Wednesday, October 22, 2008

Jackson, Miss., begins work toward making city ADA-accessible

From the Clarion-Ledger in Jackson, Miss.:

The city of Jackson wants to map out how accessible it is to people with disabilities.

The Jackson City Council agreed Oct. 21 to pay $12,500 to bring in two AmeriCorps workers to help with the project.

They will work with the city to create Jackson's first Americans with Disabilities Act plan. It will document what barriers disabled people encounter with the city's physical structure, such as buildings or sidewalks, as well as its programs, services and benefits.

"The city should be totally accessible to any person with a disability," said Sam Gleese, the city's ADA coordinator.

He said the city still has a long way to go to make that happen.

The move comes as the city is under legal pressure to improve its services for disabled people. A coalition of disabled Jackson residents filed a lawsuit in September asking the courts to force the city to reform its public transportation system and comply with federal laws like the ADA.

The lawsuit alleges that the city's JATRAN bus service does not offer equal service to disabled citizens.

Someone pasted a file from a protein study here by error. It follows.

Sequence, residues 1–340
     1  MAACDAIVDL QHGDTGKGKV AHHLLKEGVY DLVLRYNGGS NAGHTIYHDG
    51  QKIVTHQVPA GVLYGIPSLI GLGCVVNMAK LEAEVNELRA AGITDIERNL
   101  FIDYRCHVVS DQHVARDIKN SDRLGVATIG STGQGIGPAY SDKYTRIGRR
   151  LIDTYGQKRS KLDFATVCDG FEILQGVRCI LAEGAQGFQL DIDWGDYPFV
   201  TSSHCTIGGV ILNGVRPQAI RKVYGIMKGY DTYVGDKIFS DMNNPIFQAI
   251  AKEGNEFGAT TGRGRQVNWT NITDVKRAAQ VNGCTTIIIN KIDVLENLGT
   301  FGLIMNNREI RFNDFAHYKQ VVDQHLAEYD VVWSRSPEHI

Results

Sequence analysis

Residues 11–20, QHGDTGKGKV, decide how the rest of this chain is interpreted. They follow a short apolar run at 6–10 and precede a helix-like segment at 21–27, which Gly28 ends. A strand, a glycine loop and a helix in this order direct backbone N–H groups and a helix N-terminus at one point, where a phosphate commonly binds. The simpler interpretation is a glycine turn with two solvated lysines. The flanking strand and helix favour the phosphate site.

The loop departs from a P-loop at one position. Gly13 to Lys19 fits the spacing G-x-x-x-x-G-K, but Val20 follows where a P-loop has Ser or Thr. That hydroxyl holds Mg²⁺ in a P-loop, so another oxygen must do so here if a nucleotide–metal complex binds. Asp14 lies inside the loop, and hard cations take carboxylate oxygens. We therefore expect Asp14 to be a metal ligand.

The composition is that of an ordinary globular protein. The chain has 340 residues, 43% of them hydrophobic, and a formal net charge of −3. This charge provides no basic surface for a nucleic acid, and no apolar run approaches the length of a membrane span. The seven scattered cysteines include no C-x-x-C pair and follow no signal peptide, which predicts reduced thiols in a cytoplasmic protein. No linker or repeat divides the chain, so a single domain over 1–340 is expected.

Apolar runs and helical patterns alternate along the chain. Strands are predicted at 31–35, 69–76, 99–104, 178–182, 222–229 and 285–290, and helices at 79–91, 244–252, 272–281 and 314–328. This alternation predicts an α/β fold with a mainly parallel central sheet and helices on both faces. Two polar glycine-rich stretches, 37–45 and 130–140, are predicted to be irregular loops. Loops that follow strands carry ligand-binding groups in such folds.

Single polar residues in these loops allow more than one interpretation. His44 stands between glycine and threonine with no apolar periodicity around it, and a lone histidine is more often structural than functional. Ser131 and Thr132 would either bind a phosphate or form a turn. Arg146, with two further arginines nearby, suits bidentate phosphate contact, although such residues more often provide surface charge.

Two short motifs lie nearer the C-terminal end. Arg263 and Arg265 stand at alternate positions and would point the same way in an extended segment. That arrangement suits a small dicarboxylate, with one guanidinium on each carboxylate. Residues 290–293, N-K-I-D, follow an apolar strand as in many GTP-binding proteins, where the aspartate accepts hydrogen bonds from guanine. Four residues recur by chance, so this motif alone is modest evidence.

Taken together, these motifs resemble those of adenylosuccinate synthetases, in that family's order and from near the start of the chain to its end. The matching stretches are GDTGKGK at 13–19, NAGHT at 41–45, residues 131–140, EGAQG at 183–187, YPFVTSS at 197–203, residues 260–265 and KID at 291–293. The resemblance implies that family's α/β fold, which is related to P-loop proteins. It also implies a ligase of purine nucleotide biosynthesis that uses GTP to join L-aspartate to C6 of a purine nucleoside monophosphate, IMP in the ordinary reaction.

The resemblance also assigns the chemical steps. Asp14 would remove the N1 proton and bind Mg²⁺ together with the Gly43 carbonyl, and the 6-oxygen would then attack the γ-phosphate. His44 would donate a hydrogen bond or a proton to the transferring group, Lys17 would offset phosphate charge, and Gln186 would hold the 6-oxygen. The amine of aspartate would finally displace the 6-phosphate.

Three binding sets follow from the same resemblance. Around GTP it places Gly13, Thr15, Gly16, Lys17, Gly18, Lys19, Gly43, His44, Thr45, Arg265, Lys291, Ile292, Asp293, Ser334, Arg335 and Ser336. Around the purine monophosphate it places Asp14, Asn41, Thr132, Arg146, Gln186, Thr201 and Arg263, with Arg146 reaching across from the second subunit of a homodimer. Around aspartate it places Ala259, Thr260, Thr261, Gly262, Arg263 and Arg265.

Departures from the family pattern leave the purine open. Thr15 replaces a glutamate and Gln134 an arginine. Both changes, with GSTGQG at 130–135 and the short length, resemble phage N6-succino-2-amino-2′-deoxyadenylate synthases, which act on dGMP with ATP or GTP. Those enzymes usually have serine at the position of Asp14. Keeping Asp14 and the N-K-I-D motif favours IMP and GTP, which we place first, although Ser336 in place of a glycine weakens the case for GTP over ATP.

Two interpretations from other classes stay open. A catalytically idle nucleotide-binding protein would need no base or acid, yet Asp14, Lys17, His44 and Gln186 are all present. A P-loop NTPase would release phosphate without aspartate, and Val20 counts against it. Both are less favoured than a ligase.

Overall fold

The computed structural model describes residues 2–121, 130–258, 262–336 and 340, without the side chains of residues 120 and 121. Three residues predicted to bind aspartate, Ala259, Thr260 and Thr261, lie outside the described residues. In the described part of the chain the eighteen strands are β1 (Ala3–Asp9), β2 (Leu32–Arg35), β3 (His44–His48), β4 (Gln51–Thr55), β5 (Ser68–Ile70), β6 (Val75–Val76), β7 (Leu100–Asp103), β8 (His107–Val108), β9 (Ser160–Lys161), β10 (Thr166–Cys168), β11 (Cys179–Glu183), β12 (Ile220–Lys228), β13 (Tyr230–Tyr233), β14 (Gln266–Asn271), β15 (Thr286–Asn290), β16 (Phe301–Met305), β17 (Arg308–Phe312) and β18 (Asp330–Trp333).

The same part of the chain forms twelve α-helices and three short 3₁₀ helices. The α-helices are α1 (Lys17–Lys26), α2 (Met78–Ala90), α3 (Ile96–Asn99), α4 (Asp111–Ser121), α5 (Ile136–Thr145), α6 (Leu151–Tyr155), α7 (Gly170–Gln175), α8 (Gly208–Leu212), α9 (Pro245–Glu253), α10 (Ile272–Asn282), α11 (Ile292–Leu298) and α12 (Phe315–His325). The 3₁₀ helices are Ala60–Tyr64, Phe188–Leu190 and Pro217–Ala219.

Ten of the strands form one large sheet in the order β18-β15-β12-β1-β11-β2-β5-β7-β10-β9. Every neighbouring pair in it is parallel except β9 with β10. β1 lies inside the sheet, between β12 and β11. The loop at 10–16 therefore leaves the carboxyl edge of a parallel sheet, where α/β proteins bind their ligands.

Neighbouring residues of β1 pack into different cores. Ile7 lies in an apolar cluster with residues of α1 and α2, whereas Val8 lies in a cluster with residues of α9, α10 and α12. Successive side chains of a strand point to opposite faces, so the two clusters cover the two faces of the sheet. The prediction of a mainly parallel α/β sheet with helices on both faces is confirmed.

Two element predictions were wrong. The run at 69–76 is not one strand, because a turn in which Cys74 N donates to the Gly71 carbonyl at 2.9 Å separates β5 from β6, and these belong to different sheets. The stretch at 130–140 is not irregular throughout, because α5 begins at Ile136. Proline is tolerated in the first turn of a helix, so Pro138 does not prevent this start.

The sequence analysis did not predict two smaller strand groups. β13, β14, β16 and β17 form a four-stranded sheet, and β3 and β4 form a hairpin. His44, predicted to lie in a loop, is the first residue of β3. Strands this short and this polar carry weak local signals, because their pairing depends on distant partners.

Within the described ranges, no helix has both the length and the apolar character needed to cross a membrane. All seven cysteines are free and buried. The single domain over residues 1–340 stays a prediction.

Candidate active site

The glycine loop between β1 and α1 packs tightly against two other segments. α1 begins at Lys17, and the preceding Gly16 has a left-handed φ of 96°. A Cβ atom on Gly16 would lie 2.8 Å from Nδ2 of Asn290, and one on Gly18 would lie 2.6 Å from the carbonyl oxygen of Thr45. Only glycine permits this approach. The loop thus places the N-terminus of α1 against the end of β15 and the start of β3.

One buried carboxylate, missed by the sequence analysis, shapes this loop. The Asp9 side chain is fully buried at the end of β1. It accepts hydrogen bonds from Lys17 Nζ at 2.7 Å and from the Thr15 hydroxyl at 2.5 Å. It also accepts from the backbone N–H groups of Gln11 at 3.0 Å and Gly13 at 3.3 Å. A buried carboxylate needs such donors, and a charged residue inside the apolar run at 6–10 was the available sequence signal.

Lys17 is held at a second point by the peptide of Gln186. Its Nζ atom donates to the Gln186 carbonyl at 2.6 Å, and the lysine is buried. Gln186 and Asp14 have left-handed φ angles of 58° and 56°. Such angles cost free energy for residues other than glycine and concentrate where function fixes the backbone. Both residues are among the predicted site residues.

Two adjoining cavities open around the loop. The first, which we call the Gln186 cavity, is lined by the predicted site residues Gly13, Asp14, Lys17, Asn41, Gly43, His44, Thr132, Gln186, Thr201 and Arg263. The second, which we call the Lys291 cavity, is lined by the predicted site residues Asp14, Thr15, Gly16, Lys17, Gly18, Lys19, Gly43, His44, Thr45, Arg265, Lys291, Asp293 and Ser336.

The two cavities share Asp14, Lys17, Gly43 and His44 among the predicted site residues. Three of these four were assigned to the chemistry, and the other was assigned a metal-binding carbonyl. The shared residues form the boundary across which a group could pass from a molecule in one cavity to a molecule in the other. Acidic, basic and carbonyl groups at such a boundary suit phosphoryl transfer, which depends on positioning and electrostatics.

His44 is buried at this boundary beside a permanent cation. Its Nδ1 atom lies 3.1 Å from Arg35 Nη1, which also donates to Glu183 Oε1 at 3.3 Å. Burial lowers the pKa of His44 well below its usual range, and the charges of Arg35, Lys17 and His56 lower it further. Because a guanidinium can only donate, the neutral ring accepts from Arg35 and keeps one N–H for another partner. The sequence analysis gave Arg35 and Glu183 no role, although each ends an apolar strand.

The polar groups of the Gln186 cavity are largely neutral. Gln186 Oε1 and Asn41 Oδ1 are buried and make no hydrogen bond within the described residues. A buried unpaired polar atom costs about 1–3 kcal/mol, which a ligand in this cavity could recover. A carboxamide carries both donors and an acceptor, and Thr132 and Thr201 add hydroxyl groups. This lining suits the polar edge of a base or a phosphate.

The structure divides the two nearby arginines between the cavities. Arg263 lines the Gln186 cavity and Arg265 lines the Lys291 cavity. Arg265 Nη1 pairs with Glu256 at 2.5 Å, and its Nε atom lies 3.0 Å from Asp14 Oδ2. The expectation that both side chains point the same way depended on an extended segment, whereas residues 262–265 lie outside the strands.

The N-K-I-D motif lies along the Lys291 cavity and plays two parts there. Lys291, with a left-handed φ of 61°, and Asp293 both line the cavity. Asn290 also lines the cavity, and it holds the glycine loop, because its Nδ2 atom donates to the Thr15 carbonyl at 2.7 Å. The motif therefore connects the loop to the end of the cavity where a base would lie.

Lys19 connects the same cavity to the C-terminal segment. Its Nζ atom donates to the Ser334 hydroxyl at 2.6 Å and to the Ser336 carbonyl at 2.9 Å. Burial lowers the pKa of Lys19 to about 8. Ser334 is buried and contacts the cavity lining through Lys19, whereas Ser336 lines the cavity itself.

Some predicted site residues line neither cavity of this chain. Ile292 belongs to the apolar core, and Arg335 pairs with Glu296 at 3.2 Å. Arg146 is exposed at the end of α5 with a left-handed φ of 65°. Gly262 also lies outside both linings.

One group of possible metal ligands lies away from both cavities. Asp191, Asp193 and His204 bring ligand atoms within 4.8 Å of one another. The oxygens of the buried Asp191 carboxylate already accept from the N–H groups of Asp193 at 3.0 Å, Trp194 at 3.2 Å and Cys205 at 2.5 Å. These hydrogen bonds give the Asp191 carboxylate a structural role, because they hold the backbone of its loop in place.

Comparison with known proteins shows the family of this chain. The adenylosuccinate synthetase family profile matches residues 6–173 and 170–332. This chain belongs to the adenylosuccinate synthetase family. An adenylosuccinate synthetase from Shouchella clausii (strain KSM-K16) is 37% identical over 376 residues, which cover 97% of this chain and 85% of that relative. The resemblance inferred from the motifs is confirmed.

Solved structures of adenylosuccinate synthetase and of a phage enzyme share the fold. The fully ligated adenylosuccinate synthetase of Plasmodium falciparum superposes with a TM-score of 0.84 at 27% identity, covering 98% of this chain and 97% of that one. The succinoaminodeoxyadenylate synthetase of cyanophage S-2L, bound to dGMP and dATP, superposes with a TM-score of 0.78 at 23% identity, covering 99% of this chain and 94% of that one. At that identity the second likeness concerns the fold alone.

The ADA requires the city to have an ADA plan. The plan will look at the city's bus service, Gleese said.

The AmeriCorps workers have been trained by the Jackson-based nonprofit Living Independence for Everyone, or LIFE. AmeriCorps is a national program that connects people to short-term service jobs.

Christy Dunaway, the executive director of LIFE, said creating the ADA plan is too large a job for Gleese to take on alone. The two AmeriCorps workers will spend 35-hours a week with the city until next summer.

For example, they will have to inspect all city buildings to make sure they have wheelchair ramps and Braille lettering on the elevators. They also will check to see if city sidewalks have curb cuts to allow for wheelchair access.

They will also review city programs to see if they are welcoming to people with disabilities and check the city's recruitment process to see if it recognizes jobs that people with disabilities could excel at.

"The best thing the city can do is to show the community, and the disabled community in particular, that they have made some mistakes and now they want to start to fix it," Dunaway said.

Gleese told the council that he hopes to have a plan complete within a year. He said the goal will then be to find money to start making changes. He said he expects most of the money to come from federal grants.

Council members unanimously supported the idea of an ADA plan with a 5 to 0 vote. They approved the $12,500 with little discussion.

"Sounds like an offer we can't refuse," said Council President Leslie Burl McLemore